Early childhood caries

A very interesting topic, and at the same time a topic that is so often skipped and marked as UNNECESSARY!? Questions such as, “Should baby teeth be brushed? Do baby teeth need to be treated and repaired? ”Or sentences of the type:“ My baby’s teeth have broken and blackened by themselves. ”-> are just some of the must-have questions I face on a daily basis. Today in this article I bring you all about early childhood caries. I believe it’s worth taking a minute to read.

Early childhood caries

Early childhood caries is a disease that is considered a more severe form of dental caries due to the characteristic rapid progression of the lesion process, specific localization, the risk of dental pulp infection (commonly known as dental nerve), and the possibility of a final consequence – tooth loss. Early childhood caries usually occurs in children whose teeth are less mineralized, and the food they consume is mushy and soft in consistency and does not require much chewing. The soft deposits of food on the dental surfaces lead to the accumulation of dental plaque, which, if not mechanically removed, causes the activation of the carious lesion.

The mouth of a newborn baby is sterile in most cases. The microorganisms that inhabit the oral cavity are transmitted by water, food and other nutrients, but saliva is the most important. Numerous studies have shown that the most common type of transmission of oral streptococci and gram-bacteria is precisely vertical transmission, from mother to child.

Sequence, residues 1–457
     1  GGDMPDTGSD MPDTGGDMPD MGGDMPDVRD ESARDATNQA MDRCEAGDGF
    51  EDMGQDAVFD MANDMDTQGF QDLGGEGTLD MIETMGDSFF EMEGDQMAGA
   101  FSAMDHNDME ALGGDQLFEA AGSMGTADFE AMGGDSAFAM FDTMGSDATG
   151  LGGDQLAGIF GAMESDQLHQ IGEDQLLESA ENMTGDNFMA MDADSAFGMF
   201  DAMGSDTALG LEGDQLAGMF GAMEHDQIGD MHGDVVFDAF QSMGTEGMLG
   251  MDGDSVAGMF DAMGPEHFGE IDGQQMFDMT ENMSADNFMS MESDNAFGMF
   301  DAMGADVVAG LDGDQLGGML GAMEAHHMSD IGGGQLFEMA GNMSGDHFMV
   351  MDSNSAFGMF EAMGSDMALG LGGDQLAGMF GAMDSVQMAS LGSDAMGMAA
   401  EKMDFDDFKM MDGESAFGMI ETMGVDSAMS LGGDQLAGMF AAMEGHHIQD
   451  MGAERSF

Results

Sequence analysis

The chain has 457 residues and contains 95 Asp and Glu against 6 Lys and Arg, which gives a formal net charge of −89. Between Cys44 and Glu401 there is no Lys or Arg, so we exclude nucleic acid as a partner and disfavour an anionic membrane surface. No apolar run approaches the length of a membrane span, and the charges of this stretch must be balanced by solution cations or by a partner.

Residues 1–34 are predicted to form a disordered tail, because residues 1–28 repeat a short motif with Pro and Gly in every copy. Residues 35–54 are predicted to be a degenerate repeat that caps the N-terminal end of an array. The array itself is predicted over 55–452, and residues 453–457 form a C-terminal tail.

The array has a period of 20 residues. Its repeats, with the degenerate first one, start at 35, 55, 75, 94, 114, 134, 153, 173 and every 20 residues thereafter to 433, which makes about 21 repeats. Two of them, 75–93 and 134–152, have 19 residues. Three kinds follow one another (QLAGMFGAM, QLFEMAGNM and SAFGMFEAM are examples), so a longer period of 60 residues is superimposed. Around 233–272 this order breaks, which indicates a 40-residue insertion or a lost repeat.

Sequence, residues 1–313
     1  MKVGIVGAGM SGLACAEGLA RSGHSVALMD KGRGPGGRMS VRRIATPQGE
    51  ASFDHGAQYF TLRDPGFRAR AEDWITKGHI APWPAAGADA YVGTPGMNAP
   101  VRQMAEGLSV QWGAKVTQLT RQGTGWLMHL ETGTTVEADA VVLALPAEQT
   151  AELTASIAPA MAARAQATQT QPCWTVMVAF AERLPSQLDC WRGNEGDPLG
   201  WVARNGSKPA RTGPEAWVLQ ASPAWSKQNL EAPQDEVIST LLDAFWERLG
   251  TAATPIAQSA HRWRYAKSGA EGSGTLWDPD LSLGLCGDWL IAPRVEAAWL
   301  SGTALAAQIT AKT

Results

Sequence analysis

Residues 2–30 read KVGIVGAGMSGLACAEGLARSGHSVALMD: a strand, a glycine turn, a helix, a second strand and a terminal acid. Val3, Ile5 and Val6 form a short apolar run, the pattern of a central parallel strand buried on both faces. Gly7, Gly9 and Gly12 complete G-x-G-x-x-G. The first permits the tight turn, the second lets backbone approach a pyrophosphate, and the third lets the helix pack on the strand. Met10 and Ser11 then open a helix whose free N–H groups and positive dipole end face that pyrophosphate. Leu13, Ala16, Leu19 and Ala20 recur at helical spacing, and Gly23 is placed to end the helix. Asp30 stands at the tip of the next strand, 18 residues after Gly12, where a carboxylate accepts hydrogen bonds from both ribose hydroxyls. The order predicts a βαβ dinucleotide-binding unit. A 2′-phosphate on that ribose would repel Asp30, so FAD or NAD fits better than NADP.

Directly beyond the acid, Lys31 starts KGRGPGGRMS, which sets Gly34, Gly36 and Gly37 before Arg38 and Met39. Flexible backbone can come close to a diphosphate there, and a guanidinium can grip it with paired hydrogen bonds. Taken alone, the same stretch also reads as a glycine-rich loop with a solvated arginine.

Early childhood caries can be classified into two age groups:

Age group from 1 to 36 months of age

Early childhood caries in the age group from 1 to 36 months of age most commonly occur on the frontal incisors and the first milk molars. The names that also apply to this type of caries are rampant caries and bottle caries because caries is associated with bottle feeding or long-term breastfeeding. Failure to identify and treat early childhood caries can lead to rapid progression and pulp involvement.
This type of caries manifests as a lesion that engages the gingival third of the upper incisors, while the lower incisors most often remain intact.

If the baby caries is not restored early, if the caries process is active, then the infection of the other teeth will spread further and the caries will affect canines, first and second molars. If the episodes of early caries last for a short time and can be stopped before further progression, there remain “scars” on the teeth, which are later predilection sites for the formation of caries lesions. From the third year of a child’s life, caries can develop in fissures and pits of milk molars and in approximate surfaces, if the contact points are closed.

Age group from 3 to 6 years of age